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American Lawyer, a US legal magazine, is calling the economic conditions “the fire this time”, warning that big firms may be hurtling toward “a paradigm-shifting, blood-in-the-suites” future.
The Law Shucks blog has a “layoff tracker,” and it makes for grim reading. Top firms are rapidly thinning their ranks, and some — including Heller Ehrman, a 500-plus-lawyer firm founded in 1890 — have closed.
In New York and other major cities around the globe, hard-working legal elite have been blindsided, and even cheaper juniors have suddenly found themselves with massive student debts and no source of income or job prospects.
The PR game of law firm majors avoiding mass layoffs to save grace have been sidelined in business desperation.
Despite undeniably harsh economic conditions and many partner and senior associate layoffs, hope about an economic upturn glimmers in some glassed-walled high rises of the Big Apple.
This week, international firm Dechert has strengthened its New York office with the appointment of two new finance partners, who move from Clifford Chance. Stuart Strauss and Richard Horowitz will join the firm’s financial services group, reports Legal Week.
Strauss has been a partner with Clifford Chance since 2004 and has a practice focused on US securities law and investment advice. He represents investment companies, independent directors of investment companies, banks and other financial institutions.
Horowitz, who joined Clifford Chance in 2000 and made partner in 2005, has a client base including mutual funds, hedge funds and investment advisers.
The departures are the latest for Clifford Chance’s US practice, after partner headcount in the Magic Circle firm’s New York office fell by 18 between March and July this year - the equivalent of around a quarter of the local practice.
Nine partners left the litigation practice and five departed from corporate, while the securities and capital markets practices were also affected.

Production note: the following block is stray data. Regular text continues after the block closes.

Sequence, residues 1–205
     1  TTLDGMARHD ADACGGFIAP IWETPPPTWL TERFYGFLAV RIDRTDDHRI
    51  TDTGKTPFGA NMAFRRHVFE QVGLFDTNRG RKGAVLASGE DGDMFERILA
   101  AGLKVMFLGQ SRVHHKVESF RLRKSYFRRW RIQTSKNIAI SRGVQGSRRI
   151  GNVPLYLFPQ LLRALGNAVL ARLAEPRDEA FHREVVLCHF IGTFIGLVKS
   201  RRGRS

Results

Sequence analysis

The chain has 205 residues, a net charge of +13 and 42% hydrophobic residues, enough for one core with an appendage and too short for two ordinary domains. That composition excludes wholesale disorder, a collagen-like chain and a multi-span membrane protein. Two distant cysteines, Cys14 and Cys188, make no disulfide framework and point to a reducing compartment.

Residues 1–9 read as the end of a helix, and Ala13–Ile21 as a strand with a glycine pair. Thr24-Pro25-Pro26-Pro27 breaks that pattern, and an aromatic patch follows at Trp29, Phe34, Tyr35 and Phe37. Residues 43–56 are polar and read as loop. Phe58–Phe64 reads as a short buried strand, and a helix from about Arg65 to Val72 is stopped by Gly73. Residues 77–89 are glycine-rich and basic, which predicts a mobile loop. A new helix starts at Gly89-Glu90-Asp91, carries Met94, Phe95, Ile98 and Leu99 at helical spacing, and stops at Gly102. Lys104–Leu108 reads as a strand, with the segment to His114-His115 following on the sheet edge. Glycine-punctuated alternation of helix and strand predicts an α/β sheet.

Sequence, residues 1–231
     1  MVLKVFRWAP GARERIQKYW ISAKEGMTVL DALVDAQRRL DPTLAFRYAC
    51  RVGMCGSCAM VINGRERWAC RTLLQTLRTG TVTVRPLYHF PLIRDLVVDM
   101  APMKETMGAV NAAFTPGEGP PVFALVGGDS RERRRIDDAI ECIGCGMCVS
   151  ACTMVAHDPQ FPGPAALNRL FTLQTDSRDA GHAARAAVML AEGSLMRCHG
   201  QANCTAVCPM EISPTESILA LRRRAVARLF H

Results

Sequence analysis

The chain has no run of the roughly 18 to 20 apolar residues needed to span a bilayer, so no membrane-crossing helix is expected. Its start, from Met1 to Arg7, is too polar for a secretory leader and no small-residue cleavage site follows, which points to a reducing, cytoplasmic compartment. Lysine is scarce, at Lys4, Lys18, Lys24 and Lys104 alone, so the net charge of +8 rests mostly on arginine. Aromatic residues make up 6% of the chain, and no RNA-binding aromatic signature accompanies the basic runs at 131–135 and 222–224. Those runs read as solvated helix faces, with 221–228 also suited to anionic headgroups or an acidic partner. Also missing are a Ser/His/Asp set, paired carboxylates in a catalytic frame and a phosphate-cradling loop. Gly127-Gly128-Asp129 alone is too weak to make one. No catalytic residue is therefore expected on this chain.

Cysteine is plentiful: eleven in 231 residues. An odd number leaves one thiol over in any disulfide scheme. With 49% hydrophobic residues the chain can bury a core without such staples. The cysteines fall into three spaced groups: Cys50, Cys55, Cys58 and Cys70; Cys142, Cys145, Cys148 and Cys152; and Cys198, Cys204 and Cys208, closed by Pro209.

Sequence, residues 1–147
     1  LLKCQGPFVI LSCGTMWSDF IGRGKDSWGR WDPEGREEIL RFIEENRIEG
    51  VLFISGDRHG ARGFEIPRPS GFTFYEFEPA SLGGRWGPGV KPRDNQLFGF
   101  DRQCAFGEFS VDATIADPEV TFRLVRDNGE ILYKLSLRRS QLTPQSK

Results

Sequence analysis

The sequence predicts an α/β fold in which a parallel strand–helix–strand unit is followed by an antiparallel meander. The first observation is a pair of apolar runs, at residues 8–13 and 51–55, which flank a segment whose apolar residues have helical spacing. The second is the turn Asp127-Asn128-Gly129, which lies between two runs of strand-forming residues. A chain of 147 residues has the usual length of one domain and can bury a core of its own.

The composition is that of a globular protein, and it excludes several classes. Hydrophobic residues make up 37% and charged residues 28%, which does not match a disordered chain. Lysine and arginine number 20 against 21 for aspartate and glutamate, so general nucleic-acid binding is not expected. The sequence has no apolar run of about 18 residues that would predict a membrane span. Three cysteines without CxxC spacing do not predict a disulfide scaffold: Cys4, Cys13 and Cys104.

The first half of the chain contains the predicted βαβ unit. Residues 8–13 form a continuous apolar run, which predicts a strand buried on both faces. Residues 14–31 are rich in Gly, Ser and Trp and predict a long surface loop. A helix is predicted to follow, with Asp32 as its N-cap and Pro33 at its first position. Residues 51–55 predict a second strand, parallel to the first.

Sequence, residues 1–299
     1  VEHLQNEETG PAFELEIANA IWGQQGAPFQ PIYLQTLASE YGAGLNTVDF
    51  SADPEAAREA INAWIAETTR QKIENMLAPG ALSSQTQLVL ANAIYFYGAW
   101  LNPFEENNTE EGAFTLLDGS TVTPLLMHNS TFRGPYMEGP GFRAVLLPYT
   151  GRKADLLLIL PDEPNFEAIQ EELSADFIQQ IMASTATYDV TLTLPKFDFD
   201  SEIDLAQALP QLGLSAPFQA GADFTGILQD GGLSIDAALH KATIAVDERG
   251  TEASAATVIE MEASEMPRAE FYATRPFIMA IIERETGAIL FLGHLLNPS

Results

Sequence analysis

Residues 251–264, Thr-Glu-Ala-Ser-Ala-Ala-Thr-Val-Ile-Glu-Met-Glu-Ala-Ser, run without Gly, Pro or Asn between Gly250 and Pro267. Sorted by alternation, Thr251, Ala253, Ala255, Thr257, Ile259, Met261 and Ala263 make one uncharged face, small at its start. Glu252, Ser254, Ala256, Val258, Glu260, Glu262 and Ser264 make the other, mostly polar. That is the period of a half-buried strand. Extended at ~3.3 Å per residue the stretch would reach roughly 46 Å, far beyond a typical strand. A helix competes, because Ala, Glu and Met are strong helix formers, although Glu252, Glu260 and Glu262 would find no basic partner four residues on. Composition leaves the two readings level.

Dechert isn’t the only one hiring. Haynes and Boone, an international corporate law firm with offices in Texas, California, New York, Washington DC, Mexico City and Moscow, yesterday announced it would expand its international bankruptcy practice with the addition of Michael Foreman, who joins the firm’s New York office as Of Counsel, an attorney employed by a law firm or an organisation who is not an associate or a partner.
Bankruptcy and business restructuring is a core practice at Haynes and Boone and Foreman has extensive experience in steering businesses through turbulent economic climates. Foreman is part of the long-range plans to bolster the practice, firmwide practice group chair, Steve Pezanosky, said.
“Bankruptcy and business restructuring has been a core practice at Haynes and Boone for 30 years, and Michael represents a key acquisition in our commitment to bolstering our New York presence,” he said.
Foreman has more than 20 years of financial bankruptcy and restructuring experience, representing secured and unsecured lenders and creditors, acquirers of and investors in distressed assets, and financially distressed companies in many of the nation’s largest and most complex restructurings as well as in out-of-court and cross-border restructurings.
Foreman has been recognised by New York Super Lawyers as a leading bankruptcy and creditors’ rights attorney, and regularly lectures and writes on bankruptcy and corporate governance matters.
Foley and Lardner have also announced a new appointment, with Jonathan Moskin joining from White and Case, reports Lawfuel.com. Moskin has joined the firm as a partner in the New York office working with the intellectual property litigation and trademark, copyright and advertising practices.
Moskin has acted as lead trial and appellate counsel in trademark, copyright and patent cases, as well as contract disputes, privacy matters, false advertising and right of publicity cases in numerous federal and state courts. Moskin was also the chair of Pennie and Edmonds trademark, copyright and competition group.
Moskin’s appointment comes after the recent additions of health care attorney Jeffrey Thrope; intellectual property attorney Etsuo Doi (New York and Tokyo); Barry Mandel, former co-head of Merrill Lynch and Co’s global litigation, employment and regulatory affairs department, and energy and infrastructure attorneys Howard Margulis and Ellen Wolchek.
If New York is indeed “top of the heap”, there are some signs the rest of the world isn’t in such a bad shape after all.